HyperSolar, the developer of technology to produce renewable hydrogen using sunlight and any source of water, has announced that the recent stability test of of its proprietary fully integrated hydrogen production device has surpassed 365 hours before any degradation.
The design of the device will serve as the foundation of the Company’s first generation commercial renewable hydrogen generator.
The stability test demonstrated over 100 hours of stable hydrogen generation under continuous simulated sunlight illumination in April 2018, and soon achieved over 294 hours of stable operation under peak sunlight in May 2018. In June, HyperSolar reached its goal of passing 365 hours of stable operation under peak sunlight. Peak sun hours vary from 2~ 6 hours by region in the United States and 365 hours of operation under peak sunlight equals to approximately 2~5 months of stable operation of the their proprietary hydrogen generation panel.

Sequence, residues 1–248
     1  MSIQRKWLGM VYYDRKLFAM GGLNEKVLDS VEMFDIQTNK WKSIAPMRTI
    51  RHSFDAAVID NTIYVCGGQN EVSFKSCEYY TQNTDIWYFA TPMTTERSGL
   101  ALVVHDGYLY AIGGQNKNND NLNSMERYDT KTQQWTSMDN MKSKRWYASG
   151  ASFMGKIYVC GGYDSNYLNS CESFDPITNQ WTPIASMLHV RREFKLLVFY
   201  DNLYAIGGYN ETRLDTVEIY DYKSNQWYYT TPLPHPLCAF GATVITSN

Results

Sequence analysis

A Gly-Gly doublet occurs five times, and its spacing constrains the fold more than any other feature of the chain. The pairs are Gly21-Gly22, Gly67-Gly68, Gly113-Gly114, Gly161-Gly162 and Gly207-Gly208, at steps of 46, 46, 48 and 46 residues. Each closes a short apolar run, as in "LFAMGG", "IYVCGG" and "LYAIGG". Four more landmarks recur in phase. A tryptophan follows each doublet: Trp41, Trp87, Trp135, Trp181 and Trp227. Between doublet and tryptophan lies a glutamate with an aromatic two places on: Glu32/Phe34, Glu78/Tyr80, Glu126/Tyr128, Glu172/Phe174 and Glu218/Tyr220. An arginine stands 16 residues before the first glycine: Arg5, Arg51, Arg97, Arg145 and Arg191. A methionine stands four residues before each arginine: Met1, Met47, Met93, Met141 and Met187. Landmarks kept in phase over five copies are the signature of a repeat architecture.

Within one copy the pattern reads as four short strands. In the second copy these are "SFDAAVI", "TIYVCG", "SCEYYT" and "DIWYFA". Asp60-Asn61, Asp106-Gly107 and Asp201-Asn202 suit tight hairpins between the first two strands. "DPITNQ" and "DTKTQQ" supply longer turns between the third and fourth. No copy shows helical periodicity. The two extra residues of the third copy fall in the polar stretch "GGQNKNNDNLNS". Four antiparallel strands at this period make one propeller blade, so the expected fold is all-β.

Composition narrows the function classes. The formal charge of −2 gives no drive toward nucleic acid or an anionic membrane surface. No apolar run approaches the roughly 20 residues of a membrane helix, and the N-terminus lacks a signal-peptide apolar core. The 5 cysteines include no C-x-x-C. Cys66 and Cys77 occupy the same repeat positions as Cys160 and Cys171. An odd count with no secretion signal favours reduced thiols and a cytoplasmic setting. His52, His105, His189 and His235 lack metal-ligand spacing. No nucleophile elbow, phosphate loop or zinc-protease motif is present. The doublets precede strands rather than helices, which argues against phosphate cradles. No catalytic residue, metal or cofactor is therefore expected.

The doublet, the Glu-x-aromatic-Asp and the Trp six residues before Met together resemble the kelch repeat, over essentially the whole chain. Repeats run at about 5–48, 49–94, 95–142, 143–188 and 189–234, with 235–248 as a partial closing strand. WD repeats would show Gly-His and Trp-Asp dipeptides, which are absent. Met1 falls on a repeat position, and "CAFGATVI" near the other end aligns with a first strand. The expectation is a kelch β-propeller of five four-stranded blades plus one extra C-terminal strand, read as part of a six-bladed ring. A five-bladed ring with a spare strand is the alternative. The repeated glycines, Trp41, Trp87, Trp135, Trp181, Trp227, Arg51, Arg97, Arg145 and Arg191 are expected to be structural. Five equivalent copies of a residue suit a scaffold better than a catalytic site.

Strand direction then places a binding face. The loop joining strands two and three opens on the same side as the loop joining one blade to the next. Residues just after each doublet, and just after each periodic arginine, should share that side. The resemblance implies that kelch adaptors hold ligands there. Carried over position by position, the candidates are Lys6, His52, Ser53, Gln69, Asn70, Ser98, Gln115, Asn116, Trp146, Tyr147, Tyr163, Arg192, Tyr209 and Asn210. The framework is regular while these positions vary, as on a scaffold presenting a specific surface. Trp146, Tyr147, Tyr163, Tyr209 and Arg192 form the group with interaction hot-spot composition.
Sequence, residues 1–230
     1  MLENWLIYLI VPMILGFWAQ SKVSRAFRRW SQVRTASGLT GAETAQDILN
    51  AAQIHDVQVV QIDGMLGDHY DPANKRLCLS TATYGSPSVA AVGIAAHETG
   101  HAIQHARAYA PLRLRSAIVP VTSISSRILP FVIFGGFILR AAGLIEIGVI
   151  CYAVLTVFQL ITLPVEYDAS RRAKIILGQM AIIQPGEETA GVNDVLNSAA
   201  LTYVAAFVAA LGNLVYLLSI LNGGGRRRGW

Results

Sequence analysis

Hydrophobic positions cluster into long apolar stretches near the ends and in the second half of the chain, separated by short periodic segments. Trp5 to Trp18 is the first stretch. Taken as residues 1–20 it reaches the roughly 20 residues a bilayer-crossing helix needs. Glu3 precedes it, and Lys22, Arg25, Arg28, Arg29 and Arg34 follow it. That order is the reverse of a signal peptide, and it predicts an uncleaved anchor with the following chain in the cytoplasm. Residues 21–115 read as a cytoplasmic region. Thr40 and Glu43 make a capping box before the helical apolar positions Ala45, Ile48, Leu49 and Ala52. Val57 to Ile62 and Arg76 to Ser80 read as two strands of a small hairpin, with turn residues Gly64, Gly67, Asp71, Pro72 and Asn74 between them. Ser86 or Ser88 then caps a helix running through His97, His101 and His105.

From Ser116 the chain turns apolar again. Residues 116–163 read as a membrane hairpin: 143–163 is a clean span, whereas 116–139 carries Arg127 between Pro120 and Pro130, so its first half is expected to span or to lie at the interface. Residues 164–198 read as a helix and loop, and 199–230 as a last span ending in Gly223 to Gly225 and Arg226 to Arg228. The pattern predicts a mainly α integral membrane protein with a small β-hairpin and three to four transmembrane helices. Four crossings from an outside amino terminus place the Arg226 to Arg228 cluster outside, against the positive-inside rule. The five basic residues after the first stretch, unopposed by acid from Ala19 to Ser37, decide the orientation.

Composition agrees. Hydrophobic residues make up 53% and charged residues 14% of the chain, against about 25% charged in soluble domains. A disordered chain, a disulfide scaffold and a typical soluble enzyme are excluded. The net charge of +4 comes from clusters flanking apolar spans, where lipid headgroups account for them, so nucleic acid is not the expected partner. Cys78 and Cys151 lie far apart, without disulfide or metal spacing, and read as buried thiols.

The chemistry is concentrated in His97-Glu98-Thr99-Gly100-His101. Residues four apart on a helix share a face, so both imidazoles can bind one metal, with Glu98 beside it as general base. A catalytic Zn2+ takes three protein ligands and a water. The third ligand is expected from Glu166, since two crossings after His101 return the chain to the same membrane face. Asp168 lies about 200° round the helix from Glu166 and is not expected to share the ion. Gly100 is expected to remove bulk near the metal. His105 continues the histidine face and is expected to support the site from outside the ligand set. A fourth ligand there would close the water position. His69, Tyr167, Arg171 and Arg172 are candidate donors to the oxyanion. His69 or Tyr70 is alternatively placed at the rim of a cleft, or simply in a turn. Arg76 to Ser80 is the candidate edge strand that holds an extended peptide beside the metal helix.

“As we move closer to building a full demonstration pilot plant with this technology, our goal is to surpass 1000 hours of stable operation which is over 6 months of lifetime of the cells and catalysts in the hydrogen generation panel with 5 hours of peak sunlight in sunny states such as California” commented Tim Young, CEO of HyperSolar. “The lifetime of the cells and catalysts are directly linked to the economics, and the increased lifetime will significantly lower the cost for hydrogen production.” “We are now beginning work with a commercial coatings company to more uniformly coat the cells with our stability polymer for longer stable operation.”
The Company is now focused on increasing long-term stability, which is critical for commercial adoption. Due to the low cost of a-Si solar cells, many hydrogen pioneers have attempted to use them in solar hydrogen systems but have failed in achieving long-term stability in standalone solar powered water-splitting devices. Based on research and feedback from peers, the Company believes that its results with a-Si cells are some of, if not, the most significant in the world.